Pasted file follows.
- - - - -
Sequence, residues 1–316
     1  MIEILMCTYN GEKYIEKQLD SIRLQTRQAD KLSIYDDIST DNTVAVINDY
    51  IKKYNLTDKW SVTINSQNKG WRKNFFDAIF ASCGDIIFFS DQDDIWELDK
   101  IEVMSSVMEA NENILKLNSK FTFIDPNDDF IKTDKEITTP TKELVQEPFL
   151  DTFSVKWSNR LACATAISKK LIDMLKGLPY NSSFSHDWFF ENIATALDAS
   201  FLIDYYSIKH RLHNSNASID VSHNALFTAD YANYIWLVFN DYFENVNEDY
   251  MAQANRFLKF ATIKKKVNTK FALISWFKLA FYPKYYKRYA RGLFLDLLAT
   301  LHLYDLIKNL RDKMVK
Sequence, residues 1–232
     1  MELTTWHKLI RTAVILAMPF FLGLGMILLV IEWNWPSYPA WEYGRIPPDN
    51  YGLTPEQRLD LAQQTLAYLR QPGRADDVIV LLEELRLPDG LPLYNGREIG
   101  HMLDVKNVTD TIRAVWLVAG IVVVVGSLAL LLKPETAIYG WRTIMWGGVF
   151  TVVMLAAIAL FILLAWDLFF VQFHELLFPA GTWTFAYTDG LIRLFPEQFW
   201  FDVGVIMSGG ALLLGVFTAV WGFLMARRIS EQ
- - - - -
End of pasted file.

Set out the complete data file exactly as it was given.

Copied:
Sequence, residues 1–316
     1  MIEILMCTYN GEKYIEKQLD SIRLQTRQAD KLSIYDDIST DNTVAVINDY
    51  IKKYNLTDKW SVTINSQNKG WRKNFFDAIF ASCGDIIFFS DQDDIWELDK
   101  IEVMSSVMEA NENILKLNSK FTFIDPNDDF IKTDKEITTP TKELVQEPFL
   151  DTFSVKWSNR LACATAISKK LIDMLKGLPY NSSFSHDWFF ENIATALDAS
   201  FLIDYYSIKH RLHNSNASID VSHNALFTAD YANYIWLVFN DYFENVNEDY
   251  MAQANRFLKF ATIKKKVNTK FALISWFKLA FYPKYYKRYA RGLFLDLLAT
   301  LHLYDLIKNL RDKMVK
Sequence, residues 1–232
     1  MELTTWHKLI RTAVILAMPF FLGLGMILLV IEWNWPSYPA WEYGRIPPDN
    51  YGLTPEQRLD LAQQTLAYLR QPGRADDVIV LLEELRLPDG LPLYNGREIG
   101  HMLDVKNVTD TIRAVWLVAG IVVVVGSLAL LLKPETAIYG WRTIMWGGVF
   151  TVVMLAAIAL FILLAWDLFF VQFHELLFPA GTWTFAYTDG LIRLFPEQFW
   201  FDVGVIMSGG ALLLGVFTAV WGFLMARRIS EQ